3. The VisualAge C++ product line is available on MVS, AIX, OS/400, OS/2, and

    all Windows platforms.


  1. The Project Smarts wizard generates partial project skeletons that require

    the programmer to complete the project setup and initial coding steps.

  2. The installation program neglects to configure the sample and tutorial

    applications and damages existing ODBC configurations under Windows NT.

  3. The online documentation is voluminous but poorly organized. It is

    difficult for someone new to the product to figure out where to start.

Company Information

IBM Corp.

1150 Eglinton Ave. E.

North York, Ontario

M3C 1H7 Canada

Tel: (800) 426-2255


Price: $489, or $339 for competitive upgrade from another Windows


Software Requirements: Windows 95 or Windows NT 3.51

Hardware Requirements: 486 or higher, 20MB RAM, 400MB disk space


Technical Support: 60 days free telephone support

Money-Back Policy: 30-day guarantee

Related Reading

More Insights

Currently we allow the following HTML tags in comments:

Single tags

These tags can be used alone and don't need an ending tag.

<br> Defines a single line break

<hr> Defines a horizontal line

Matching tags

These require an ending tag - e.g. <i>italic text</i>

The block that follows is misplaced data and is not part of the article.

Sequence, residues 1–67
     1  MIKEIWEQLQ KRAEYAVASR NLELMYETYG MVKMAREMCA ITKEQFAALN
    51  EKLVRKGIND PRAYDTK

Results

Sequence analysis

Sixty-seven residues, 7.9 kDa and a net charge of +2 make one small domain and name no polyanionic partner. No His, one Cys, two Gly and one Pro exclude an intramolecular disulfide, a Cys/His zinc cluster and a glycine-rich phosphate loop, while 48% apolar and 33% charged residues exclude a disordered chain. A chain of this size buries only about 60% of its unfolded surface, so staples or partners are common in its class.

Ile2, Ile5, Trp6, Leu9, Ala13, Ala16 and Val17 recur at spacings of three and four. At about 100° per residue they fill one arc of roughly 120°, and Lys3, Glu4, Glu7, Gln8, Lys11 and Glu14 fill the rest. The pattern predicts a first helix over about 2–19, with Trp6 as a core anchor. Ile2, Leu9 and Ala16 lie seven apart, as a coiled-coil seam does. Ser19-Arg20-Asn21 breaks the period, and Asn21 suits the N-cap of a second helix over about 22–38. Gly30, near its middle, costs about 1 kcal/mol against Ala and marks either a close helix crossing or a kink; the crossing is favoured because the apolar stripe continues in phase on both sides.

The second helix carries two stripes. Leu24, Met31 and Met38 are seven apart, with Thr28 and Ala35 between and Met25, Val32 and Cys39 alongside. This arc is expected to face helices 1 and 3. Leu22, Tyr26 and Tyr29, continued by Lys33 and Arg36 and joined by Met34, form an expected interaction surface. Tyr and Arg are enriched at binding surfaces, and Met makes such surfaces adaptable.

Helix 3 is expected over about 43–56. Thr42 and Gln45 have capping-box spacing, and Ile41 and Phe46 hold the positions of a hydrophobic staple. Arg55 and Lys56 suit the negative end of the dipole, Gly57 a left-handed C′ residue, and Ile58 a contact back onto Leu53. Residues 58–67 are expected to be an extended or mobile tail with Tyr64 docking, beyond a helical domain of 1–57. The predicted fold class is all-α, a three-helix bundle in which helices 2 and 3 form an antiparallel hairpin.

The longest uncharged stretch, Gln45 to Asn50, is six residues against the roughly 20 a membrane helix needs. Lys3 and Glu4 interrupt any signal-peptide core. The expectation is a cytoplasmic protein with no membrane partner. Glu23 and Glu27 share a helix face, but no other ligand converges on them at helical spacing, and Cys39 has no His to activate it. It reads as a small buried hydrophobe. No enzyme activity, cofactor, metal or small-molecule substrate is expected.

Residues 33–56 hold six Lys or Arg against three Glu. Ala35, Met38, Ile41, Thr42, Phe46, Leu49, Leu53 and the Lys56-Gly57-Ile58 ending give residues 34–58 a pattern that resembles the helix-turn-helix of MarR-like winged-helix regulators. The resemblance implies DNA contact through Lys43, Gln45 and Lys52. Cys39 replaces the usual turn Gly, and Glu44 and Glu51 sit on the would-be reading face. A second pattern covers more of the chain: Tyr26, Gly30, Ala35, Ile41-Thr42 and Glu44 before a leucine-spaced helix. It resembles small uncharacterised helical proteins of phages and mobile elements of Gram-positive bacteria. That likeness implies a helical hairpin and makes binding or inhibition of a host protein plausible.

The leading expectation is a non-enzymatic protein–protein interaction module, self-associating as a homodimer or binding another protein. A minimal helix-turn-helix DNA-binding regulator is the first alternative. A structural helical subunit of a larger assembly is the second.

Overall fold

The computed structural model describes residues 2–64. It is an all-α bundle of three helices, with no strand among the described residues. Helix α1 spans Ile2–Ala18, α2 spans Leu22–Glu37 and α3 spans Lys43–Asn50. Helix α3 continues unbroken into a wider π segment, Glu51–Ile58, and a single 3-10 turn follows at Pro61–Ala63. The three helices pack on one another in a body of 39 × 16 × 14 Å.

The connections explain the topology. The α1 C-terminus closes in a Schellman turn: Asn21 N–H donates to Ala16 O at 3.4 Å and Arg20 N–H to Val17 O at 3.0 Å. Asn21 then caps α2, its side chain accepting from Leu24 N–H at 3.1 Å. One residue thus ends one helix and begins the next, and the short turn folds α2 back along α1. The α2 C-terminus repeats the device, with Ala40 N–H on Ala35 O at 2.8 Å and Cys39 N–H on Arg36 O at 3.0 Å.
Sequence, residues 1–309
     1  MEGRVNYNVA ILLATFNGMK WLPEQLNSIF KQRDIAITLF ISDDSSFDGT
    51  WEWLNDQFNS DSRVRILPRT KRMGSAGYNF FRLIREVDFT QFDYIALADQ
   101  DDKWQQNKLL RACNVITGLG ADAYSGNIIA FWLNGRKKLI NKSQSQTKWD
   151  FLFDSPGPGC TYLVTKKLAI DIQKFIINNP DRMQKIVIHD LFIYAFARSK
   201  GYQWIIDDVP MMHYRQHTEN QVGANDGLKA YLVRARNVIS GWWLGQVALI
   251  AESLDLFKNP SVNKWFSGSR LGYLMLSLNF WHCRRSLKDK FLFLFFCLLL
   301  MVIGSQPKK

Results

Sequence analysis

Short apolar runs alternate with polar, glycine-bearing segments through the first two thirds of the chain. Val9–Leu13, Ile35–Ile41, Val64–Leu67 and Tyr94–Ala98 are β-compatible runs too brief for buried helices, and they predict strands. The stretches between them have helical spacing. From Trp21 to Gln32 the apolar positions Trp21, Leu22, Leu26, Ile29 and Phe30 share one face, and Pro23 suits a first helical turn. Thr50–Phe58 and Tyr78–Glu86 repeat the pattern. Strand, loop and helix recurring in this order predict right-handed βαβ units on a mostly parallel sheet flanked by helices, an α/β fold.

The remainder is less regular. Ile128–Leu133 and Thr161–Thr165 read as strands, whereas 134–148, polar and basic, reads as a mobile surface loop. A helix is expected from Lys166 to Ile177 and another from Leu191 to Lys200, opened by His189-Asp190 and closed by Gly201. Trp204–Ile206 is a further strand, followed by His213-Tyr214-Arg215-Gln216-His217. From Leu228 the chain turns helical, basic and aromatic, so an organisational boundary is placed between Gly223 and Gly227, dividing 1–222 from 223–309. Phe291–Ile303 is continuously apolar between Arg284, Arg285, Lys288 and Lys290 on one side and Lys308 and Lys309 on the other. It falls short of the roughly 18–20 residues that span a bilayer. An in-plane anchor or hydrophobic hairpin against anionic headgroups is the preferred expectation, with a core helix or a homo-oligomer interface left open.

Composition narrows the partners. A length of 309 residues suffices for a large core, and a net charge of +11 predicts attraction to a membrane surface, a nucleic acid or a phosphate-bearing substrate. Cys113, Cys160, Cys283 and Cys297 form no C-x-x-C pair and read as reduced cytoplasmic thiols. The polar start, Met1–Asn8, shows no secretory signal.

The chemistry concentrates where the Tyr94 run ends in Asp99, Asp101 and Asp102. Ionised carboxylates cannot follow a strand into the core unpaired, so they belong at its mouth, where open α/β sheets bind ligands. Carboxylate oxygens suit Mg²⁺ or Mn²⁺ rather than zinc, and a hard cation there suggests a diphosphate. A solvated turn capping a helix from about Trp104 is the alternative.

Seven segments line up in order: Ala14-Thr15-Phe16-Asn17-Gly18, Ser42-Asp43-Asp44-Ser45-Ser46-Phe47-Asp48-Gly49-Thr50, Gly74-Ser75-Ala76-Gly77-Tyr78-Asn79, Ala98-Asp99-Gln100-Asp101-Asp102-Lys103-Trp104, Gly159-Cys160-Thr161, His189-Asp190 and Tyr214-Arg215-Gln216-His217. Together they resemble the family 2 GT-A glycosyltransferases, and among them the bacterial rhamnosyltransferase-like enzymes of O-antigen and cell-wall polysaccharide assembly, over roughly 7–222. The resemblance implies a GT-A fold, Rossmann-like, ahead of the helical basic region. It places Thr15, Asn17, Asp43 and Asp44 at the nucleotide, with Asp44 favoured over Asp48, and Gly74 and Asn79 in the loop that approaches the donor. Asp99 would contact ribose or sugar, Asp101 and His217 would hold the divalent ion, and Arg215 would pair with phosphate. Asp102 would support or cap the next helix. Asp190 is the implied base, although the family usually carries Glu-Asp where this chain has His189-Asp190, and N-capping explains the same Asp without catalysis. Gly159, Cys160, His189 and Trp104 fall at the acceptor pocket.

<a> Defines an anchor

<b> Defines bold text

<big> Defines big text

<blockquote> Defines a long quotation

<caption> Defines a table caption

<cite> Defines a citation

<code> Defines computer code text

<em> Defines emphasized text

<fieldset> Defines a border around elements in a form

<h1> This is heading 1

<h2> This is heading 2

<h3> This is heading 3

<h4> This is heading 4

<h5> This is heading 5

<h6> This is heading 6

<i> Defines italic text

<p> Defines a paragraph

<pre> Defines preformatted text

<q> Defines a short quotation

<samp> Defines sample computer code text

<small> Defines small text

<span> Defines a section in a document

<s> Defines strikethrough text

<strike> Defines strikethrough text

<strong> Defines strong text

<sub> Defines subscripted text

<sup> Defines superscripted text

<u> Defines underlined text

Dr. Dobb's encourages readers to engage in spirited, healthy debate, including taking us to task. However, Dr. Dobb's moderates all comments posted to our site, and reserves the right to modify or remove any content that it determines to be derogatory, offensive, inflammatory, vulgar, irrelevant/off-topic, racist or obvious marketing or spam. Dr. Dobb's further reserves the right to disable the profile of any commenter participating in said activities.

Disqus Tips To upload an avatar photo, first complete your Disqus profile. | View the list of supported HTML tags you can use to style comments. | Please read our commenting policy.